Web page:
Glasgow Solidarity Network has demonstrated how direct action gets the goods with a successful conclusion to its first fight. Two members of the Glasgow Anarchist Federation and their flatmate discovered that it is illegal in Scotland for letting agents to charge tenants fees apart from rent and deposits. Their letting agent, Martin & Co, had charged the three of them them a substantial £250 “check-in” fee before they had even paid their deposit. They first submitted an official complaint but received only the receipt listing the fees they had paid as a reply. Shelter advised them that they could go to the small claims court, but the court fee would have been £65 with no guarantee of a win! So instead, on 3rd February, they and 15 friends from the Glasgow Solidarity Network delivered a letter in person to the head of the Martin & Co West End office (to the amusement of other staff) giving the company two weeks to return the money. They left quickly, took a picture outside for posterity, and dispersed, some to the pub. The manager must have called the police, because two officers came by the flat on Saturday to have a friendly chat, but thanks to helpful information from the Scottish Activist Legal Project, Solidarity Network members know their rights, and the police left without even taking names. On Tuesday 7th February, just four days later, the tenants received a cheque for the money in full.
Don’t let letting agents get away with charging illegal fees! Don’t let landlords take advantage of you! Join us! DEPOSIT STOLEN? WAGES STOLEN?
JOIN GLASGOW SOLIDARITY NETWORK
COLLECTIVE DIRECT ACTION AGAINST LANDLORDS AND BOSSES
LEAVE A MESSAGE:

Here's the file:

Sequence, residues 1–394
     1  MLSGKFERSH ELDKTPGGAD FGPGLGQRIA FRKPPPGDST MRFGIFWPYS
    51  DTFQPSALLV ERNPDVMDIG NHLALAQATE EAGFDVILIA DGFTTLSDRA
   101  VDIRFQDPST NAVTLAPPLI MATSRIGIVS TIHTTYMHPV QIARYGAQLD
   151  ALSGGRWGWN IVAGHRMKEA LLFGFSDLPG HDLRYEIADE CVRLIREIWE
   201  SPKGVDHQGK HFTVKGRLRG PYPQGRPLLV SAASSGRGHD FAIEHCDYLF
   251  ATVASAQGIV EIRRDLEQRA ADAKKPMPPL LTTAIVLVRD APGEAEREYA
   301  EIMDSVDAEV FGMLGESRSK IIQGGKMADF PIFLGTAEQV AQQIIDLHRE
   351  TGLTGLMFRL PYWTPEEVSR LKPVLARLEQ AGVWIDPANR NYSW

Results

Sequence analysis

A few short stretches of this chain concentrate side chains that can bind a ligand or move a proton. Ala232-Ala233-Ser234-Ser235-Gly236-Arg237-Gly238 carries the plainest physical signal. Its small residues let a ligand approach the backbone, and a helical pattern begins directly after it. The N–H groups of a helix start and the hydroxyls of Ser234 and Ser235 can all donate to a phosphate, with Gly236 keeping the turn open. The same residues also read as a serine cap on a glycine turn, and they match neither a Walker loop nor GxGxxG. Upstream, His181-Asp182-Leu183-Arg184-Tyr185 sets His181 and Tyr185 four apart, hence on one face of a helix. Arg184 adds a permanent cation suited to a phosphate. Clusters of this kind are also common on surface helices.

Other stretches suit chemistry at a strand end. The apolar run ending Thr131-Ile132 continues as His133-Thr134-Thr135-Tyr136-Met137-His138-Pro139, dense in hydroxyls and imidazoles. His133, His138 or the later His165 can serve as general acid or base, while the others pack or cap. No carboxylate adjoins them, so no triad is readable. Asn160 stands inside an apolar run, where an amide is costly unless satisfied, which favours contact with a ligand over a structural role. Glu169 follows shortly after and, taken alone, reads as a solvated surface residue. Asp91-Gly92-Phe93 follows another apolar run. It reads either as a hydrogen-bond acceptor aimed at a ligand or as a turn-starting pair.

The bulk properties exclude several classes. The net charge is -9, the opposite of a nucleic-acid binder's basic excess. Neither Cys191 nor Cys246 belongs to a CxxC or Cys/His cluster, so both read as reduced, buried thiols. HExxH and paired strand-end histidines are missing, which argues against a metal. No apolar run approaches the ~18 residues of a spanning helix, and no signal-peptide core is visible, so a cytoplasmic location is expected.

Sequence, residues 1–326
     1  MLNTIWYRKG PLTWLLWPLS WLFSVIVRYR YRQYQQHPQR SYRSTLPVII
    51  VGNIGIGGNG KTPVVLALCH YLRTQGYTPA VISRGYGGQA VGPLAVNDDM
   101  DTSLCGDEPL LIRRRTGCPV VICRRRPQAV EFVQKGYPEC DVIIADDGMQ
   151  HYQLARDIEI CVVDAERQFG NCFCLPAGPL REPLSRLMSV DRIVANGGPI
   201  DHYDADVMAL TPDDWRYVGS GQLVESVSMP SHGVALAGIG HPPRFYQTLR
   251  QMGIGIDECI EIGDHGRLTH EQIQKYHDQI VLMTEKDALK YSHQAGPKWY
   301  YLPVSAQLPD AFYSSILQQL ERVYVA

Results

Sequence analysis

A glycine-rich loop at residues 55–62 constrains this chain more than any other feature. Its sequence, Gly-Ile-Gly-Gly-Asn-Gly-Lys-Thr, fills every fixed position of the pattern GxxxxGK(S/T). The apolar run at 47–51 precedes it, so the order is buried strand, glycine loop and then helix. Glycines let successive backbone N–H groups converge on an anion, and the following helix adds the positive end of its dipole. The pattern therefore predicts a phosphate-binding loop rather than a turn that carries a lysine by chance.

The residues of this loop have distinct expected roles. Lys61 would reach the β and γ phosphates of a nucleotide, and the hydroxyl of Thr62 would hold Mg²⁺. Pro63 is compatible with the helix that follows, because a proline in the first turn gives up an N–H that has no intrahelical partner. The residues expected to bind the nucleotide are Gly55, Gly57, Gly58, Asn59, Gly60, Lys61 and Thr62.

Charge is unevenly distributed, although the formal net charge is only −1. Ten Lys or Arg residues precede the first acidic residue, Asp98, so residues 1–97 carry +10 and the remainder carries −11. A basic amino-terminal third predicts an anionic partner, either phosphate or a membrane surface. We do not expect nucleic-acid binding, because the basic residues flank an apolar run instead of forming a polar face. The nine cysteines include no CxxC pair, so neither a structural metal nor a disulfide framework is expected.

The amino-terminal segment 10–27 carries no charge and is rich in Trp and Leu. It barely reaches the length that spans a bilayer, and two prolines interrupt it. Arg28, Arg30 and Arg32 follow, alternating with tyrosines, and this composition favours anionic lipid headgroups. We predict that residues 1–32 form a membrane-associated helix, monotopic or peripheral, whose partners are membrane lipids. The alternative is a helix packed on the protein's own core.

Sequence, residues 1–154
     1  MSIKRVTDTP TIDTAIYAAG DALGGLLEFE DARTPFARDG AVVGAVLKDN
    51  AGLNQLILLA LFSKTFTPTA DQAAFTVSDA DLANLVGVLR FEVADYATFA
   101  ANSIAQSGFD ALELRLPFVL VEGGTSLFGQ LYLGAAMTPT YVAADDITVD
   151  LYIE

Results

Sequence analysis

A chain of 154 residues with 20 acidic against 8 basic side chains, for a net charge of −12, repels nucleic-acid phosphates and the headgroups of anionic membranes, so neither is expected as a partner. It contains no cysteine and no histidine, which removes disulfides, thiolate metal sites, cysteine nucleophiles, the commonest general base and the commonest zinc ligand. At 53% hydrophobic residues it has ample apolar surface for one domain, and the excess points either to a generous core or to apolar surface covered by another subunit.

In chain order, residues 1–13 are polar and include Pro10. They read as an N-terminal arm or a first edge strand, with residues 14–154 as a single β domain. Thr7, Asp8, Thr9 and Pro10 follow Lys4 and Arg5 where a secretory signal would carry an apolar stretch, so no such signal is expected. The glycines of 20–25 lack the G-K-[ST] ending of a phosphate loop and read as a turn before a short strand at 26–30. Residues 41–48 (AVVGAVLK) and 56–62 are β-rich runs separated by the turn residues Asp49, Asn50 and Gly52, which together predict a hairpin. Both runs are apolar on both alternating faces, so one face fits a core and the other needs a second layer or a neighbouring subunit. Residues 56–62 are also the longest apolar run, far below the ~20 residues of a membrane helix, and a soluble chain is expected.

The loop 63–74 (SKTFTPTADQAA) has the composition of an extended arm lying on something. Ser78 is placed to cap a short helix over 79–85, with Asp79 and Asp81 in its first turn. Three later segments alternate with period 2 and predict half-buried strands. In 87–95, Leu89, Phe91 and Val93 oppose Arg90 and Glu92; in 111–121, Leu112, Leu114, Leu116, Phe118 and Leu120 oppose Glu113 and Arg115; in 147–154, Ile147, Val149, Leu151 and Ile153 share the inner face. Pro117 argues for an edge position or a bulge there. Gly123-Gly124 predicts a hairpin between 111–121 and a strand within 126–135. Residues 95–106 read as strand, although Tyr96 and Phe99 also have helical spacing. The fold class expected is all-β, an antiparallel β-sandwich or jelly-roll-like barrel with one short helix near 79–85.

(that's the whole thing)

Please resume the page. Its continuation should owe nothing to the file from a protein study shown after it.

Two Greek hospitals under Workers’ Control
“We occupy our public hospitals for deep and meaningful democratisation, which will make society competent to decide its own future again.”
Confronted with a dire economic situation and having witnessed major social and economic changes in their country, health workers in Greecehave occupied two public hospitals, opposing the harsh austerity measures adopted by the Greek government in the last two years.
The public hospital in Kilkis (northern Greece) has been under full workers’ control since the 6th of February: The employees underline that “with full awareness of our social mission and moral commitments associated with our office, we will protect the health of citizens attending the hospital, providing free care to those in need.” At the same time, they ask the government to “finally take its responsibilities, surpassing even this last hour its immeasurable social insensitivity.”
Workers at the General Hospital of Kilkis stress that the occupation of the hospital will not end until the full payment of their accruals and the return of their salaries to pre-cut levels. They state that they “respond to the fascist-isation with democracy” by putting the hospital “under the direct and complete control” of the workers where “the only responsible decision-making body of an administrative nature will be the General Assembly of workers in it.”